A system is a collection of parts, which are interdependent and should work together to accomplish some aim.
A system must have an aim or purpose.
Telephone engineers are told they need to do 3.2 jobs per man per day. Is that the aim of the system?
The target ‘part’ of this system will govern the behaviour of the engineer and will work against the system’s purpose.
The engineer rightly thinks his purpose to be conduct effective repairs, repairs that solve customers’ problems and that ensure he has no need to return.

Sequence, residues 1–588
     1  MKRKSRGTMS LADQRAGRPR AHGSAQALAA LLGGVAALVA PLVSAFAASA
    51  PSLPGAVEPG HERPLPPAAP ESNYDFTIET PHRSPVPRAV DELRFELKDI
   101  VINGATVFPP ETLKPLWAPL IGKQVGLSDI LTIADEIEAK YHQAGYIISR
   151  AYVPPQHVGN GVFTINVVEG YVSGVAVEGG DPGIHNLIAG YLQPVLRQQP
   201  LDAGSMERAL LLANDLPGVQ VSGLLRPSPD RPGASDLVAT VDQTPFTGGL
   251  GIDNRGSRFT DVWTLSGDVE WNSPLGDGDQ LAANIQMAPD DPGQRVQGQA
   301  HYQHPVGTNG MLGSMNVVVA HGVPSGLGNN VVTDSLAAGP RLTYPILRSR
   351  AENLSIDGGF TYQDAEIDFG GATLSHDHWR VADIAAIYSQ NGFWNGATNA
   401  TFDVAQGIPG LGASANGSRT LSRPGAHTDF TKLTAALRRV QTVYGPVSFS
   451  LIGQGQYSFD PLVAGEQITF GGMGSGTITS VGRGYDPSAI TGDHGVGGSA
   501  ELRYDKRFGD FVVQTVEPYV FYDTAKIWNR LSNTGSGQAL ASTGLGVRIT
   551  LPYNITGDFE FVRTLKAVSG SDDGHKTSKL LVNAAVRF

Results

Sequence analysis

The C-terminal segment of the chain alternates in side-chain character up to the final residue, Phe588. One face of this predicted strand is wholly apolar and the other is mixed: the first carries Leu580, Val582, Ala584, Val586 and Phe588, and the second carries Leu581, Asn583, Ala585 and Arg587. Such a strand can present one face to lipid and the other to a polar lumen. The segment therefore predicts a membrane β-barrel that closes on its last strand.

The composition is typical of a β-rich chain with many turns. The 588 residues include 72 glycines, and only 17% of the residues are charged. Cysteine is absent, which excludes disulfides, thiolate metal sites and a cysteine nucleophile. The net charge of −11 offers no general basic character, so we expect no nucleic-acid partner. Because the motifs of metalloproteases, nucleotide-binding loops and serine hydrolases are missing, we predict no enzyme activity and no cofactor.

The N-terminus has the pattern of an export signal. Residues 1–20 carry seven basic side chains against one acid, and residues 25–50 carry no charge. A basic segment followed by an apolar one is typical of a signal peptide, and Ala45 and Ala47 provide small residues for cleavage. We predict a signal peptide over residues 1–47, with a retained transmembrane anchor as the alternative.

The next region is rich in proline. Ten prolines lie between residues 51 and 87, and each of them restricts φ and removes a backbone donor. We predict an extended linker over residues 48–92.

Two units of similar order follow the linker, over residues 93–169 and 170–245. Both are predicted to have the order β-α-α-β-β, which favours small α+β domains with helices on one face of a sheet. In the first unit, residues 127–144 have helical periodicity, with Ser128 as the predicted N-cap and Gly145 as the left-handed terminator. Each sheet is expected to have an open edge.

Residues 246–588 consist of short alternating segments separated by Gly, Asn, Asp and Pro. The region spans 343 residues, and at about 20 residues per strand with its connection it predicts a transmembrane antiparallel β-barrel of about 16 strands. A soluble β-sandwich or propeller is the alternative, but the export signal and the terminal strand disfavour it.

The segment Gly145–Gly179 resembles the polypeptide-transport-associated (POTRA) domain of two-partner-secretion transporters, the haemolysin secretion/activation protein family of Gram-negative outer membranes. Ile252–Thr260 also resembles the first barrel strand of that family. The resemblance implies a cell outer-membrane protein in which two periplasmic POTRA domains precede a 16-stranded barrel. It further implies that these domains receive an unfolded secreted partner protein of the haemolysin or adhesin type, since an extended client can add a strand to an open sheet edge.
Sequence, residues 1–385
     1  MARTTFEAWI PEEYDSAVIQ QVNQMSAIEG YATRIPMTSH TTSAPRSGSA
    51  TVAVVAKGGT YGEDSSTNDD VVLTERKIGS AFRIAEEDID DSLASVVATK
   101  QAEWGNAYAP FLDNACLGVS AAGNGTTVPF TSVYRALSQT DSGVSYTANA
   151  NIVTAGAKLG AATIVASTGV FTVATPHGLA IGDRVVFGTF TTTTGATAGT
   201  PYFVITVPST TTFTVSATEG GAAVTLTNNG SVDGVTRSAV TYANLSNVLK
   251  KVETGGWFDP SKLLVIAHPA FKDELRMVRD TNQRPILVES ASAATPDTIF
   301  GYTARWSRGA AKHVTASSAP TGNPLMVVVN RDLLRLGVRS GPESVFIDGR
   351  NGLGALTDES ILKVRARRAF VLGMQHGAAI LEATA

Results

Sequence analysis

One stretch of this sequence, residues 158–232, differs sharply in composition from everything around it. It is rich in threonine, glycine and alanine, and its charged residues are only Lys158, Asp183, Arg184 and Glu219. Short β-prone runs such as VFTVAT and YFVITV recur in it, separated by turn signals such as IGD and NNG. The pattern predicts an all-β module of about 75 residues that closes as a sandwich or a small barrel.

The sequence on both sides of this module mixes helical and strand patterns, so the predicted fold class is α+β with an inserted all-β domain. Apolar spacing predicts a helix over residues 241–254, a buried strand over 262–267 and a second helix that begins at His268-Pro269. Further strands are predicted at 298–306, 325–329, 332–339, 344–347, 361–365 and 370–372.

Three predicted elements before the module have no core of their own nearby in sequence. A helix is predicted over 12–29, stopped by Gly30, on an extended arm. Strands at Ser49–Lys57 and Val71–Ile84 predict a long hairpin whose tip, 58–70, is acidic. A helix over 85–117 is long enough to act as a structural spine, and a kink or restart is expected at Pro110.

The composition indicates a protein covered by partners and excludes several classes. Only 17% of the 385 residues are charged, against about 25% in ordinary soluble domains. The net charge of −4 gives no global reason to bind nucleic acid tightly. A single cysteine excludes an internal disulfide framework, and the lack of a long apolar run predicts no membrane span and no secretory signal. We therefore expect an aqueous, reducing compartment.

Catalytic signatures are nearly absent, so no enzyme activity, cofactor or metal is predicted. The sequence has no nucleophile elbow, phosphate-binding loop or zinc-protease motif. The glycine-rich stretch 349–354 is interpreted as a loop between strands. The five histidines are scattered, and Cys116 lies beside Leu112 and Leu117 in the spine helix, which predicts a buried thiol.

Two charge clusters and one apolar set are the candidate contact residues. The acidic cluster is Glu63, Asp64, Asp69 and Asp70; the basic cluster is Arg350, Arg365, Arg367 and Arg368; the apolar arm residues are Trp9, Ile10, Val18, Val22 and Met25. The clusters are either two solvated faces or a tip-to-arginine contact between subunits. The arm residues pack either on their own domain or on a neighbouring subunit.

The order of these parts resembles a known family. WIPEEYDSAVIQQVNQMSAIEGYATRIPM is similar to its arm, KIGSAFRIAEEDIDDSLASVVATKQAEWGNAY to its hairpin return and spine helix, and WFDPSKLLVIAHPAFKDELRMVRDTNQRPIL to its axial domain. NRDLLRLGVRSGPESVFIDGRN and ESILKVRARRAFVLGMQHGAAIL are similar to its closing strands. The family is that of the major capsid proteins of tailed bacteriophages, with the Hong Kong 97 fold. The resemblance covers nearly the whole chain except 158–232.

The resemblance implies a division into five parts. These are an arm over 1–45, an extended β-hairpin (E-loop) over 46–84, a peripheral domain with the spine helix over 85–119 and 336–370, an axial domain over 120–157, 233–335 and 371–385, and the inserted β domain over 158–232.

But his manager believes making that the focus will drive costs up. He’s wrong about that, but it is the way he has been taught to think: activity = cost.
Having studied the system, the engineer believes ‘perfect’ would be having no repairs to do. Instead of working in a ‘break-fix’ system, he now thinks he should work in a ‘preventative’ system, one where the number of faults being reported falls.
Each of these three systems (3.2 jobs per day, perfect repairs and preventing repairs) will have different measures, based on different assumptions and will, therefore, behave have differently.
A system must be managed, it will not manage itself. By understanding the system one will be able to predict the consequences of a proposed course of action.